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Why then do you harden your hearts as the Egyptians and Pharaoh hardened their hearts? When He had severely dealt with them, did they not allow the people to go, and they departed?
1 Samuel 6:6

Here is the story to set that verse in context:

Israel had tried using—actually misusing the Ark as a talisman or lucky charm to win a battle. That was foolish and the Ark was captured. Whether or not the Philistines thought the Ark would bring them power, make their on god Dagon happy with such a trophy, or could be used for ransom payments, none of that happened. Before long, the Philistines were suffering miserably.

The Ark of the Lord had been in the country of the Philistines for seven months when their leaders called together their priests and psychics for a conference on what to do about the Ark of the Lord, specifically, what was the best way to get rid of it.

The spiritualists were of a consensus that they needed to send the Ark of the God of Israel back along with a guilt offering as recompense. These guys were experts on religion and they were familiar with what had happened to Pharaoh over three centuries before. They knew the Israelites served a strict God who was big on justice, and injured justice demands satisfaction. They decided that the two afflictions of tumors and mice that they were experiencing were enough; there was no point in enduring an additional eight plagues and having their kids die like Pharaoh did. They were going to un-stubborn their hearts, return the Ark, and send along a trespass offering to boot.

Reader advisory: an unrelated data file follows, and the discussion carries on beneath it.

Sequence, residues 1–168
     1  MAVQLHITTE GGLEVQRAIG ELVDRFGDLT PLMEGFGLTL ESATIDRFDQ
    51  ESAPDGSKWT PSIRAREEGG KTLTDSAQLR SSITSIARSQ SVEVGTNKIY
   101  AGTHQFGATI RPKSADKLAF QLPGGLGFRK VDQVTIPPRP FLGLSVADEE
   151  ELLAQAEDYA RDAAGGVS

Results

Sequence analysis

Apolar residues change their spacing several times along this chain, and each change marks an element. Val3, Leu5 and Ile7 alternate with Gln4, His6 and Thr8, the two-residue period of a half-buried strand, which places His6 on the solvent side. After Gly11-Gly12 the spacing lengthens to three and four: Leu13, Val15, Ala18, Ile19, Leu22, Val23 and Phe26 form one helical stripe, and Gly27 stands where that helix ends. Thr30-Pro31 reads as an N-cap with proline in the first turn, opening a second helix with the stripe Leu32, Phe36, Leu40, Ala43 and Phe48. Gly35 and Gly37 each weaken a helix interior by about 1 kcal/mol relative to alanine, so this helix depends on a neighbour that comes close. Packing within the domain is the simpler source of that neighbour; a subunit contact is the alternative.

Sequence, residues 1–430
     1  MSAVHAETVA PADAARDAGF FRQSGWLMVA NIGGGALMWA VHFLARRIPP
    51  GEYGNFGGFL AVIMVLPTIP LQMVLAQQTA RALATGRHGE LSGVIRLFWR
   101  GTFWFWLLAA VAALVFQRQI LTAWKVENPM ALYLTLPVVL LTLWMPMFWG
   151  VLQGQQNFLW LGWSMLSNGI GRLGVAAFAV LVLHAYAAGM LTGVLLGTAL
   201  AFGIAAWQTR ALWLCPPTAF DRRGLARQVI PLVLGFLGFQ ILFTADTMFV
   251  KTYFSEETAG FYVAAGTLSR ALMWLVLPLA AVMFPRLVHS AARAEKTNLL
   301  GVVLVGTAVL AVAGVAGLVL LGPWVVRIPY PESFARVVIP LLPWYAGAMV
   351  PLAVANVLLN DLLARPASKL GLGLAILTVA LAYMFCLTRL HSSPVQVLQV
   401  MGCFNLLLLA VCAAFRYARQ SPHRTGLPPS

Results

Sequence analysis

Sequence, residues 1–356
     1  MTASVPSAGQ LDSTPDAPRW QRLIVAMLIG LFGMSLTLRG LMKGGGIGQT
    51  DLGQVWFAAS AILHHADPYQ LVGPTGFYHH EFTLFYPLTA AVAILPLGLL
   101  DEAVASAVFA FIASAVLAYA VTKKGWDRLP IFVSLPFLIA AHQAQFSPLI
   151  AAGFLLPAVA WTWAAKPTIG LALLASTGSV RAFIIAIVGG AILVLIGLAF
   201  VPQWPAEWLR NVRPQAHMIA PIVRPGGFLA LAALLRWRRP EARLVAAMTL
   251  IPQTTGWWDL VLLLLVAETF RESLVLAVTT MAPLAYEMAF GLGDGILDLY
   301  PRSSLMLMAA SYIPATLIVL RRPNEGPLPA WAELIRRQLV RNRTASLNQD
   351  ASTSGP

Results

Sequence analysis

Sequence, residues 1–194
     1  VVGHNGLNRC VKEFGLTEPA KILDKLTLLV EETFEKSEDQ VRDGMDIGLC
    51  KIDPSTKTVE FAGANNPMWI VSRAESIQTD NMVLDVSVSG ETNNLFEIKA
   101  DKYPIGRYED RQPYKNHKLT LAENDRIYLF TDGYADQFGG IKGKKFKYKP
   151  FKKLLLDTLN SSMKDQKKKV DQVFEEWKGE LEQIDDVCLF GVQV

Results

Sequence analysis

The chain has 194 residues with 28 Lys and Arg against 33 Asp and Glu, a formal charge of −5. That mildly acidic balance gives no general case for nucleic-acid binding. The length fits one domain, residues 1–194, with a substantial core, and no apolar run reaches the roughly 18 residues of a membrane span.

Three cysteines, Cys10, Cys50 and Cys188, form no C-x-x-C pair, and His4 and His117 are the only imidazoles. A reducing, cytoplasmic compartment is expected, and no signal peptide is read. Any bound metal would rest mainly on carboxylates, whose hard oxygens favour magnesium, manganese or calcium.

The guilt offering took on a rather peculiar and somewhat pagan form; they made five gold images of the tumors and five replicas of the mice that ravaged the land. Five working out as one set for each of the lords of the Philistines. Odd offering that it was, it was unmistakable what it represented. Injured justice demands satisfaction. God will not give his approval to wrong judgment. The gold tumors and mice showed exactly why they had humbled themselves.

In the end, come Judgment Day, the innocent are going to be exonerated and God will demand satisfaction from those who harmed and stole from His children. Hardening you heart and waiting to be humbled instead of repenting now will make you susceptible to more plagues in the future. The Philistines had to make an open show of repentance to return the Ark. If they had gone into their bedroom at midnight and said, “Dear God, I am sorry, Please remove my tumor and get the mice out of my house,” that would not have worked because it did not satisfy Justice.

The Philistine diviners blamed the people, not God, for hardening their hearts, and they recognized that they must honor God and take action for restoration.

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But Sihon king of Heshbon was not willing for us to pass through his land; for the LORD your God hardened his spirit and made his heart obstinate, in order to deliver him into your hand, as he is today,

Deuteronomy 2:30

For it was of the LORD to harden their hearts, to meet Israel in battle in order that he might utterly destroy them…

Joshua 11:20

That when the wicked sprouted up like grass
And all who did iniquity flourished,
It was only that they might be destroyed forevermore.

Psalm 92:7


Hardening of the Heart Leads to Removal.

It often seems to take a while, but ultimately, it shall be that God shall destroy them for ever.

It is okay to triumph in the foresight that the wicked liars will be destroyed.